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Scientists Use Penguins to Study Antarctic Climate Change

Adelie penguins stand together as scientists investigate the impact of climate change on Antarctica's penguin colonies, on the eastern side of the Antarctic peninsula, Antarctica January 17, 2022. (REUTERS/Natalie Thomas)
Scientists Use Penguins to Study Antarctic Climate Change
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Scientists researching climate change in Antarctica are studying penguins in an effort to better understand the area’s environmental health.

The scientists are measuring the growth and development of the penguin population on the eastern side of the Antarctic Peninsula. Reuters news agency recently reported on studies in the area carried out by two American researchers.

"We are counting penguin nests to understand how many penguins are in a colony, producing (young) every year, and whether that number is going up or down with the environmental conditions," said Alex Borowicz. He is an ecology researcher at New York’s Stony Brook University.

The work is not easy for climate researchers in the icy, faraway reaches of Antarctica. But penguins are easier to follow than some other kinds of animals because they nest on land. Their black bodies and waste droppings can also be identified against the area’s white background.

Michael Wethington, another researcher from Stony Brook, told Reuters the penguin population can represent overall climate conditions and the health of the area’s whole ecosystem.

The researchers say counts of individual penguins can be combined with data from satellite images to get a more complete picture of how the animals are progressing.

Gentoo penguins – with bright orange beaks and white markings on their heads – prefer open water without broken pieces of ice floating around. So when temperatures on the Antarctic Peninsula began rising during the latter half of the 20th century, gentoo populations moved south. Some scientists called the movement the “gentoofication” of Antarctica.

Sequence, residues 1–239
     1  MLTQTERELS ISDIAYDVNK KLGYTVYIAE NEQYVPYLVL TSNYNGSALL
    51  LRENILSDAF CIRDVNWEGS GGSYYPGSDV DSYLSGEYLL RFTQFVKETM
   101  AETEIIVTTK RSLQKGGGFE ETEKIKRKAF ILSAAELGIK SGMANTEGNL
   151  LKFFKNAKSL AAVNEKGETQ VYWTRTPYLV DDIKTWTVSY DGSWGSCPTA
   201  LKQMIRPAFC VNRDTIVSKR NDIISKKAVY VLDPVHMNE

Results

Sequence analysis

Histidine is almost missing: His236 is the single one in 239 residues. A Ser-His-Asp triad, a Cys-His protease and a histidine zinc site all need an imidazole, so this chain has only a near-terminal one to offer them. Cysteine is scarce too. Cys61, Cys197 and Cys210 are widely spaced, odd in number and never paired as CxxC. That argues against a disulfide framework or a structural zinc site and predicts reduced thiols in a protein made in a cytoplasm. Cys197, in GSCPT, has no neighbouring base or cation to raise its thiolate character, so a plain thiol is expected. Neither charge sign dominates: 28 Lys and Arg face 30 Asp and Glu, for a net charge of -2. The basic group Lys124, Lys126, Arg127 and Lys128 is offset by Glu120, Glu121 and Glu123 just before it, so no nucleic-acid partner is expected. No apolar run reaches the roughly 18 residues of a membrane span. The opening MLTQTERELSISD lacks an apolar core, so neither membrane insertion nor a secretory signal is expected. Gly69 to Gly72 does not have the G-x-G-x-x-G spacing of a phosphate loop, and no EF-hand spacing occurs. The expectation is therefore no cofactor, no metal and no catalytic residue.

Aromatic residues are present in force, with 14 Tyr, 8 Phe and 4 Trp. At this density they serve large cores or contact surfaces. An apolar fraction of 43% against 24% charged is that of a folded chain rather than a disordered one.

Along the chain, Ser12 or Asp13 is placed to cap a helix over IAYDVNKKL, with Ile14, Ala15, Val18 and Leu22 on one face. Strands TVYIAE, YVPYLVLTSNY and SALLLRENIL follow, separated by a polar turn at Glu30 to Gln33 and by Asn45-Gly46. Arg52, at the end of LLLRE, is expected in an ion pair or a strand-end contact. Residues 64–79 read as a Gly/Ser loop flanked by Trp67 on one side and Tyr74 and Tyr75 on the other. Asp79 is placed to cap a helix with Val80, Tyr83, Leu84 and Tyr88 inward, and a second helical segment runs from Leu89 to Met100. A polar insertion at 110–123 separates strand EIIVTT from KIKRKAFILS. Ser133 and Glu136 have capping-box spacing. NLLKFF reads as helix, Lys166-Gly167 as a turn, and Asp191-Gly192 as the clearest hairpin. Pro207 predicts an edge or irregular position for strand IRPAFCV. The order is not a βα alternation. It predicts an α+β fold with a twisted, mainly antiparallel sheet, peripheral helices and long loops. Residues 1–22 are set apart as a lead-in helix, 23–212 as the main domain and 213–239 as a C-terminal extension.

David Ainley is a biologist with the ecological advisory company H.T. Harvey & Associates. He has been studying penguins for more than 50 years. "Gentoo penguins don't like sea ice," Ainley told Reuters. “They mostly forage over the continental shelf and don’t go far out to sea.”

As sea ice has decreased along the western side of the peninsula, gentoos seem to have gotten used to the changed conditions. But those same conditions have been worse for the Adelies penguin species. This is because the Adelies depend on sea ice for feeding and reproduction.

"When we find Adelie penguins, we typically know that sea ice is nearby," Stony Brook’s Wethington said. He added that whenever researchers see sea ice decreasing or disappearing, they also see Adelie penguin populations drop sharply.

Even though Adelie penguins are increasing in number overall, some populations have fallen by more than 65 percent, researchers say.

On their January trip to the area, the Stony Brook scientists found that Adelie colonies around the still-icy Weddell Sea had remained solid during the past ten years. "This peninsula is maybe a safe space as we see climate change progressing and overall warming throughout the globe," Wethington said.

I’m Bryan Lynn.

Reuters reported on this story. Bryan Lynn adapted the report for VOA Learning English. We want to hear from you. Write to us in the Comments section, and visit our Facebook page.


Words in This Story

nest – n. a home built by birds and some other creatures to hold their eggs and to live in

ecosystem – n. everything that exists in a particular environment

beak – n. the hard part of a bird’s mouth

forage – v. to move around searching for things you need, especially food

species – n. a group of animals or plants that are similar and can produce young animals or plants

globe – n. the world